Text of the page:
Skip to main content

Southwest Airlines Community

Flashback Fridays: A Look at Southwest Airlines' 17th Year

Aviator C

This week, our friends over at AirTran are completing their 17th year, and I thought it might be interesting to “flashback” to what Southwest was like on our own 17th birthday back in 1988.  We began the year with 75 aircraft and 5,765 Employees.  (AirTran currently has 138 aircraft and about 8,000 employees.)  The year previous, we had opened two new cities, Birmingham and Detroit Metro.  When 1988 dawned, our frequent flyer program, the Company Club was six months old, and like any new year, hopes were high.

We didn’t waste any time in opening the year by announcing that we had become the Official Airline of SeaWorld of Texas on January 5, 1988.  SeaWorld California would join the partnership in May.  The first Shamu debuted on May 23 to celebrate the partnership.  (A few years later, it would participate in the opening of Baltimore/Washington, above.) 

On March 7, we introduce Fun Pack mini-vacations, which were among our first air/ground package offerings.  Previously on February 8, the Company Club began a bonus program where Members only needed five roundtrips through the end of the year to earn an Award.

Also in March, we announced a major increase in the number of flights to be flown on April 3 with additional nonstop flights between Dallas and New Orleans, a nonstop flight from Phoenix to New Orleans, additional one-stop service from Phoenix to Albuquerque, Houston Hobby, Ontario, San Diego, San Francisco, and Tulsa, and a nonstop from San Antonio to Los Angeles.  The growth continued with Phoenix gaining 23 additional departures, a flight increase of 25 percent, on June 2.  Compare 1988's first quarter load factor of 51.6 percent with our recently announced 2010 third quarter load factor of 80.9 percent.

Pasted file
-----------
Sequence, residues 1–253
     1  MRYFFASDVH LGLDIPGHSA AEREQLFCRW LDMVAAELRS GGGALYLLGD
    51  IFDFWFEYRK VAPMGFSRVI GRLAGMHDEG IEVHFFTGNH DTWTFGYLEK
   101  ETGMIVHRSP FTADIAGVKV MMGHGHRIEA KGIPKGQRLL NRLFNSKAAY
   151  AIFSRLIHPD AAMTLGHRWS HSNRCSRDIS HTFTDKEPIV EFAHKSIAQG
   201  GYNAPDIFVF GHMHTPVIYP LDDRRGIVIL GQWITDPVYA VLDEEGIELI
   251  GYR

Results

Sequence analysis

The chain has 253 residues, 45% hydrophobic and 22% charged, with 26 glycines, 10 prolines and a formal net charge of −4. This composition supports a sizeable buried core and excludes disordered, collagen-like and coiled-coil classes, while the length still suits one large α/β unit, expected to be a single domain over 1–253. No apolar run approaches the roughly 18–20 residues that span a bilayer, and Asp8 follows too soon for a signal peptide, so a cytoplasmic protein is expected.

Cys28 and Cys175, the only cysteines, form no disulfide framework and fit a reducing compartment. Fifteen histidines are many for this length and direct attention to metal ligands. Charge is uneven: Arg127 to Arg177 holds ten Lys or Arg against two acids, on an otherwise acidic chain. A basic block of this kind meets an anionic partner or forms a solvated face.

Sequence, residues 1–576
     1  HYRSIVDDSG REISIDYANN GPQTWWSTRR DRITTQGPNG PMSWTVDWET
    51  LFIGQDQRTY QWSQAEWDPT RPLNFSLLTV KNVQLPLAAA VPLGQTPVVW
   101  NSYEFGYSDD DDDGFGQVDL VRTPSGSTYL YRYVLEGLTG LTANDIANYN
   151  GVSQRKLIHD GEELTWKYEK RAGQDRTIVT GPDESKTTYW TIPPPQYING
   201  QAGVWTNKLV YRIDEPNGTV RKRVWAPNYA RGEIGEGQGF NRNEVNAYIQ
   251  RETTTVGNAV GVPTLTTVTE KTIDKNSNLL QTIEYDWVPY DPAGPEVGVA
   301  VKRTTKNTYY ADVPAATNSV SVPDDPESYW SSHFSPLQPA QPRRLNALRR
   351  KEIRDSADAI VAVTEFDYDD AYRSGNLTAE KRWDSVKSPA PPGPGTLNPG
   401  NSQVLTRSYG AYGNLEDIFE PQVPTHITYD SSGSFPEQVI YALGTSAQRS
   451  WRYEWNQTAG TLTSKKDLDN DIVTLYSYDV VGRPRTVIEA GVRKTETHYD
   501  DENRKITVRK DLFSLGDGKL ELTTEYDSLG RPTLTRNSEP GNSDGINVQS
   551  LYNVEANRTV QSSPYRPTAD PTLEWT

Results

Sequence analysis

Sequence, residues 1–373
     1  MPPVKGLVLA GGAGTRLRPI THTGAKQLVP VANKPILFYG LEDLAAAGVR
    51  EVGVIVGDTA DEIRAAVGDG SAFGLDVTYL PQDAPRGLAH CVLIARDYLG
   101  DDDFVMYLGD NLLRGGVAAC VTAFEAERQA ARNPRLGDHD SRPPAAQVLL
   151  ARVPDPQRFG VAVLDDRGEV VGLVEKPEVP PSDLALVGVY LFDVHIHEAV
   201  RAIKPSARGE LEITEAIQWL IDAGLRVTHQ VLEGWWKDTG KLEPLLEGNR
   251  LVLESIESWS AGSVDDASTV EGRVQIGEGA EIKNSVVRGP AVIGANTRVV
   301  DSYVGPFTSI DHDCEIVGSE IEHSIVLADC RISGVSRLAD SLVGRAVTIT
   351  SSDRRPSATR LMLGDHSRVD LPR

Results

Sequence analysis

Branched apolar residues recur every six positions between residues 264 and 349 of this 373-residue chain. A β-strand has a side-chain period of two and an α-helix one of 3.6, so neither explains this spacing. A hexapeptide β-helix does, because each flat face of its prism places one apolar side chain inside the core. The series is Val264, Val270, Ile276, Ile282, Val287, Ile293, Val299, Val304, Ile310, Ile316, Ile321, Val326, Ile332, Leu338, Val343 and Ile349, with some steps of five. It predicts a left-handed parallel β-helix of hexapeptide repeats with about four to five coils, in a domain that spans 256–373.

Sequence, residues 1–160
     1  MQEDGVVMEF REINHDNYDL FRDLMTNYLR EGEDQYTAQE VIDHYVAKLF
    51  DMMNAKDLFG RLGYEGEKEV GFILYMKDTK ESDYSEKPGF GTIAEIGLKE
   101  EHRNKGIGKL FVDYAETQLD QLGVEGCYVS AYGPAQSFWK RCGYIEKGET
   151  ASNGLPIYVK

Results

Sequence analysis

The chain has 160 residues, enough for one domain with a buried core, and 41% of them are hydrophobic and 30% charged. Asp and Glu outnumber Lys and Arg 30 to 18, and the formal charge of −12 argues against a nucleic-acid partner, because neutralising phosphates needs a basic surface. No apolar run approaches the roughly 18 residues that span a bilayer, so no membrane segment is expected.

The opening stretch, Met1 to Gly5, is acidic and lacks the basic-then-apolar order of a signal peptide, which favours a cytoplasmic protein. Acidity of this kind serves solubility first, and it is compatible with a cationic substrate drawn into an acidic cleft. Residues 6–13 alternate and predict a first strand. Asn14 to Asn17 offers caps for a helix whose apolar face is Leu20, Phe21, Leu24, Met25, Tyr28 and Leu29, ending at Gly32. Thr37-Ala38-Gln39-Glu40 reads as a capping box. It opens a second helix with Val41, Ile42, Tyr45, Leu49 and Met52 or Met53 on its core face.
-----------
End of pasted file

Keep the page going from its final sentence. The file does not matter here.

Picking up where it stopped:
I think the event of the year that was most typical of Southwest occurred on April 22.  To ease our smoking Customers (remember when Passengers smoked on airline flights?) into new federal regulations prohibiting smoking on flights of two hours or less duration, we distributed 200,000 lollipops over the next few days.  This had to be a (perhaps, intentional?) homage to Telly Savalas’s Kojack character. 

With the addition of close-in Detroit City Airport to our route map on July 6, Southwest now operated almost 900 daily flights to 27 airports in 13 states.  Herb and Detroit Mayor Coleman Young (above) cut the ribbon to inaugurate Detroit City service. 

On the same day at Houston Hobby, we added the six former TranStar gates on Concourse C to our nine existing Concourse A gates, thus creating a layout that would perplex Houston’s connecting Customers for years to come as they had to reclear security while going from one concourse to the other.  The new Hobby concourse that was completed in the last few years finally removed this inconvenience. 

On September 30, the LUV Classic golf tournament raised almost $36,000 for the Dallas Ronald McDonald House.  In comparison, this year’s classic raised $600,000 for Ronald McDonald Houses in Dallas, Detroit, Ann Arbor, and St. Louis. 

Then on November 15, 1988, we broke ground for our current Headquarters Building, and a few days after that on November 29, the Houston Maintenance Base opened. 

Our 17th year was very similar to that of a human teenager.  Like most kids who finish high school and enter the adult world at age 18, Southwest kind of “grew up" too during our 18th year.  We would open what is now our current Bay Area anchor, Oakland, and Southwest would become a major airline under the Department of Transportation measurements as our annual operating revenues exceeded $1 billion.  We most often look at our landmark birthdays, the tenth, 20th, and 30th, but oftentimes, those in-between years offer much significance.